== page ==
Skip to main content

Hidden: A Child's Story of the Holocaust

Hidden: A Child's Story of the Holocaust is written by Loic Dauvillier, illustrated by Marc Lizano and colored by Greg Salsedo.  It was also translated by Alexis Siegel.  It's a very slim, middle level graphic novel.  This is the second Holocaust themed graphic novel that I've read.  In college I read Art Spiegelman's Maus I: A Survivor's Tale: My Father Bleeds History and Maus II: A Survivor's Tale: And Here My Troubles Began; I also read Spiegelman's later graphic novel that depicted his experiences in New York City on September 11, 2001, and I highly recommend them all.

I don't know if Hidden is based upon the writer's family history or if it is a fictionalized Holocaust story.  Other than a synopsis of the story on the book jacket, there isn't really information on the writer and illustrator.  According to the publisher's website, Hidden is a Mildred L. Batchelder Honor Book, an America Library Association Notable Children's Book, and an Association of Jewish Libraries Sydney Taylor Honor Book.

The comic panels tell the harrowing story of Dounia Cohen's childhood living as a Jew in France in 1942.  The story opens immediately after the establishment of Vichy France when Germany's Nazis begin their systematic persecution of France's Jews.  The story is framed as a story within a story in that many years later, Dounia shares the story of her childhood with her granddaughter, Elsa, late one night.  After France falls to Germany, Dounia is persecuted by her teachers at her girls' school and scorned by her best friend.  Late one night when the police come to arrest her parents, Dounia's parents manage to hide her in the bottom of a dresser for safekeeping.  Early the next morning Dounia's neighbor lady, who turns out to be part of a network of people helping Jews hide in France, comes to get her, and Dounia's time in hiding begins.

Hidden tells the story of a scary situation that no child should have to endure.  And while it is very serious subject matter, the story is framed for younger readers because Elsa, the granddaughter to whom Dounia tells her story, is very young.  This would be a good book to introduce younger readers to the history of the Holocaust or to use as supplemental reading material in a unit about Holocaust.  You can print a brief reader's guide for the book here.

--Reviewed by Ms. Angie

Comments

Popular posts from this blog

Broken by Karin Slaughter

Before I begin the formal review there are a few things I need to get off my chest in the wake of finishing this book; I'll do so without giving away too many (or any) spoilers.
The OUTRAGE!: the identity of Detective Lena Adams' new beau; the low depths to which Grant County's interim chief has sunk and brought the police force down with him; agent Will Trent's wife, Angie's, sixth sense/nasty habit of reappearing in his life just when he's slipping away from her. Thank God for small miracles though because while Angie was certainly referred to during the book, the broad didn't make an appearance. One sign that I've become way too invested in these characters is that I'd like to employ John Connolly's odd pair of assassins, Louis and Angel, to contract out a hit on Angie; do you think Karin Slaughter and John Connolly could work out a special cross over?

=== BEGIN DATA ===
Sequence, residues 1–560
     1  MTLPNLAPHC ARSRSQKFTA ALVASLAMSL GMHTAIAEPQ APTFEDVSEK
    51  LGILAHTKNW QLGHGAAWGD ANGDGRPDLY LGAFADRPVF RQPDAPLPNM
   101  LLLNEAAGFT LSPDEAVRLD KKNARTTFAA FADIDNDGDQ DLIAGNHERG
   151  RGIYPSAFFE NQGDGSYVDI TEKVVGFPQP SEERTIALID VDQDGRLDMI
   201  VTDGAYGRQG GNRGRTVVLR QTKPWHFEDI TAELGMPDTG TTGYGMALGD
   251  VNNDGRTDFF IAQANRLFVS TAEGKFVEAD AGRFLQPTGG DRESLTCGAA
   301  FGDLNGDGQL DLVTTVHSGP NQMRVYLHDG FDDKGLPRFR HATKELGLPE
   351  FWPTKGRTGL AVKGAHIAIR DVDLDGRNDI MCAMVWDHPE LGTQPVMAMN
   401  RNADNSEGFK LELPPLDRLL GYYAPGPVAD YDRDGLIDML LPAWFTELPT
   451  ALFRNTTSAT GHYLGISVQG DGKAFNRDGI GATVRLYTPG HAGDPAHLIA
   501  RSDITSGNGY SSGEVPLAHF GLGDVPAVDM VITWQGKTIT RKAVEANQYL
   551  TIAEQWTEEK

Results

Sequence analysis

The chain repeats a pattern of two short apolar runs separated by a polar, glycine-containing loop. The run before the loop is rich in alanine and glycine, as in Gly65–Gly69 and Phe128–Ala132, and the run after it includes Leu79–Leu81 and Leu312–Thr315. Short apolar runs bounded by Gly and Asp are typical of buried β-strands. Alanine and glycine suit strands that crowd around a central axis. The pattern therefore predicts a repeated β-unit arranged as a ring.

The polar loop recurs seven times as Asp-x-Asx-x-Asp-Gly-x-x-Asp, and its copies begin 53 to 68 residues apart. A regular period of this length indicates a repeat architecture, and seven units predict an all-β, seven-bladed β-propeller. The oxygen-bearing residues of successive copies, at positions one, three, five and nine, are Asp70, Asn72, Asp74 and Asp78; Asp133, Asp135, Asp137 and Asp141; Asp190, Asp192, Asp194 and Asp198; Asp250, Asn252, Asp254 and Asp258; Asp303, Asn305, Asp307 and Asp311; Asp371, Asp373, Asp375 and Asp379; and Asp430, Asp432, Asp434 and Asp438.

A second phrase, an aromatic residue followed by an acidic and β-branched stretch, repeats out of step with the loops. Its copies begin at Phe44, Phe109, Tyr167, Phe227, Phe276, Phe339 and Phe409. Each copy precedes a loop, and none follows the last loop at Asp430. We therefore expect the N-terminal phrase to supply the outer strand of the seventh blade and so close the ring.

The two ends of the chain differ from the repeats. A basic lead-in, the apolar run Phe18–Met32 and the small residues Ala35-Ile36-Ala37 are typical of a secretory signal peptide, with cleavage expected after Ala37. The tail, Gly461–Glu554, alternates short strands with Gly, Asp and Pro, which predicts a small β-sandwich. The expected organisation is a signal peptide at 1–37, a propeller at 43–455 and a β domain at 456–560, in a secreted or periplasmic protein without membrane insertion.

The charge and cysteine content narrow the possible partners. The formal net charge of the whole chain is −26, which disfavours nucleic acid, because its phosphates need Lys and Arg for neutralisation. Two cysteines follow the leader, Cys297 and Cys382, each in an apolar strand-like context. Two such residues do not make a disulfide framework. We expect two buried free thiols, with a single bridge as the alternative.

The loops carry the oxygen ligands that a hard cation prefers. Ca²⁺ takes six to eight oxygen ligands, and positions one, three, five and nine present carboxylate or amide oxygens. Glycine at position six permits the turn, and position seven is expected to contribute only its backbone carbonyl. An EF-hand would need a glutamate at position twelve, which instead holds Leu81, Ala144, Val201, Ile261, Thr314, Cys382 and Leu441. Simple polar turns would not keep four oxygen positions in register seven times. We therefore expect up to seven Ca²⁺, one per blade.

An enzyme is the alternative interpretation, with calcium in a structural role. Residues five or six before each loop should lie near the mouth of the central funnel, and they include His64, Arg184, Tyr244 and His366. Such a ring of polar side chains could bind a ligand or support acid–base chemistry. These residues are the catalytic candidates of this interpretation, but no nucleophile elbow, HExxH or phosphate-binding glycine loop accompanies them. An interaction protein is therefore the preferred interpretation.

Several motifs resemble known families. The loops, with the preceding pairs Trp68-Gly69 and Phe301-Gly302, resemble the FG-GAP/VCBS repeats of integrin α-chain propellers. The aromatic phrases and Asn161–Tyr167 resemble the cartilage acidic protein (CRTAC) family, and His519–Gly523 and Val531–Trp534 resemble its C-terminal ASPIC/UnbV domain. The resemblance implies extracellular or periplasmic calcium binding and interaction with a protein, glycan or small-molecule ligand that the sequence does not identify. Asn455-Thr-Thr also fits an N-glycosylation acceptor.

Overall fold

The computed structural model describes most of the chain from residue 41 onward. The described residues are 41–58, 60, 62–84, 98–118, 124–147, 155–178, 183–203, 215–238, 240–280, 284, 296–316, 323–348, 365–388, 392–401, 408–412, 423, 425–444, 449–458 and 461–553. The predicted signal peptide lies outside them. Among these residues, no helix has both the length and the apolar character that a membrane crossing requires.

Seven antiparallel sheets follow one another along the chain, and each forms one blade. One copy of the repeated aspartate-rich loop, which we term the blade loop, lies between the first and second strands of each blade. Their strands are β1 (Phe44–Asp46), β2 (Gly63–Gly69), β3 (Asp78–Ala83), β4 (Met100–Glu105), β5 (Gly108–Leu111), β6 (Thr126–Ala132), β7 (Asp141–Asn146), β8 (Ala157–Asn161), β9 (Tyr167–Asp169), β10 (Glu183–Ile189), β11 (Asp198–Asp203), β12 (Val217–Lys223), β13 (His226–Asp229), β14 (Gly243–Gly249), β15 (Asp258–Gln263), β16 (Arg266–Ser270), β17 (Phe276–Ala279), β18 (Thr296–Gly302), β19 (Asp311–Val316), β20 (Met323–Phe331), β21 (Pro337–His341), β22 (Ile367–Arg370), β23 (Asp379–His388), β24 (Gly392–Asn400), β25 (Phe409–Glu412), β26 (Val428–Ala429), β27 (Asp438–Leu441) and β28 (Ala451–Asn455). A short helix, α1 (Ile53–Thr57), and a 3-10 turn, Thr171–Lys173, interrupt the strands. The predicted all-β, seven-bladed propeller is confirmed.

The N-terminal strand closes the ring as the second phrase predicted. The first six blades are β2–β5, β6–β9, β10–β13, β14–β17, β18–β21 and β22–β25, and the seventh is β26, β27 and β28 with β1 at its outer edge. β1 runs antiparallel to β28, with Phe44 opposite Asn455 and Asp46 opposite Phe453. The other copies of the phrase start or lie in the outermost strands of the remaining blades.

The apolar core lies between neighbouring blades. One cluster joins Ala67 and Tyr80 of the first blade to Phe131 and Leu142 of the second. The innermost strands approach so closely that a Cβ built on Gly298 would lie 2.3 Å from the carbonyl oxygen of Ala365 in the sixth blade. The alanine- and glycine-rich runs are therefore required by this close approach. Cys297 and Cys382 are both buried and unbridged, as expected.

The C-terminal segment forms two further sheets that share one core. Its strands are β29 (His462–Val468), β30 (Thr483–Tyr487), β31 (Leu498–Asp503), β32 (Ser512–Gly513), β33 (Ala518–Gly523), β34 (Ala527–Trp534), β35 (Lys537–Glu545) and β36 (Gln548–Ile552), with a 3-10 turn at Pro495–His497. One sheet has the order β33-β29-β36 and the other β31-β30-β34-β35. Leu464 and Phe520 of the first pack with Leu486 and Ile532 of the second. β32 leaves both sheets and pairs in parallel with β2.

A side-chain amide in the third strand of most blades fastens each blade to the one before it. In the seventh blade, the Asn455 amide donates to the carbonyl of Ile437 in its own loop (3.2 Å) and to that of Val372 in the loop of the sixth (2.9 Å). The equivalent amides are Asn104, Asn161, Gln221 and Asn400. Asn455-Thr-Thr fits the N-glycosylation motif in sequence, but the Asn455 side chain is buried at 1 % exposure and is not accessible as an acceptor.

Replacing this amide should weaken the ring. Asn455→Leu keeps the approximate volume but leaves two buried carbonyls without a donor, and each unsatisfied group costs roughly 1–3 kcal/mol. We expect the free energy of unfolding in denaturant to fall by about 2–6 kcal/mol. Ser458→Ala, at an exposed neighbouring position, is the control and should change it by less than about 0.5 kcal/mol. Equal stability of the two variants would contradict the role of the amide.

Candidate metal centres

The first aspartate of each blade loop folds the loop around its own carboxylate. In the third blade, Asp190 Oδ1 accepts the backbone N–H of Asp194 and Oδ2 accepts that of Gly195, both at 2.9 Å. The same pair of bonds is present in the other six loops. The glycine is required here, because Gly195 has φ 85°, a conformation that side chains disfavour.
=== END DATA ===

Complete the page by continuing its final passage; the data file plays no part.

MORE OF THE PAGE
Hallelujah: Dr. Sara Linton and agent Will Trent are both back. There is no hallelujah for…

Crow Lake by Mary Lawson

When the end came, it seemed to do so completely out of the blue, and it wasn't until long afterward that I was able to see that there was a chain of events leading up to it. Some of those events had nothing to do with us, the Morrisons, but were solely the concern of the Pyes, who lived on a farm about a mile away and were our nearest neighbors." from page seven
I must confess that it took me longer than it really needed to in order to finish the novel Crow Lake by Mary Lawson. The entire story is building up to the big catastrophe that forever destroys all the hopes and dreams the Morrison clan ever dared to hope and dream for its future. In the eyes of the narrator, it is even worse than the tragedy of the car crash that claimed both parents' lives one evening on the heels of some good news the family has received and celebrated. Now you can see why I dreaded getting to the end of a book that drips in foreboding like nobody's business. What can be a worse tra…

In The Woods by Tana French

"What I warn you to remember is that I am a detective. Our relationship with the truth is fundamental, but cracked, refracting confusingly like fragmented glass. It is the core of our careers, the endgame of every move we make, and we pursue it with strategies painstakingly constructed of lies ... and every variation on deception. The truth is the most desirable woman in the world and we are the most jealous lovers, reflexively denying anyone else the slightest glimpse of her. We betray her routinely ... This is my job ... What I am telling you, before you begin my story, is this--two things: I crave truth. And I lie." opening lines of In The Woods chapter 1, pages 3-4
In The Woods by Tana French, an Irish writer, is an extremely well-written and well-crafted mystery novel. The downside is that this is French's debut novel, and her website (located at http://www.tanafrench.com/) does not offer any insi…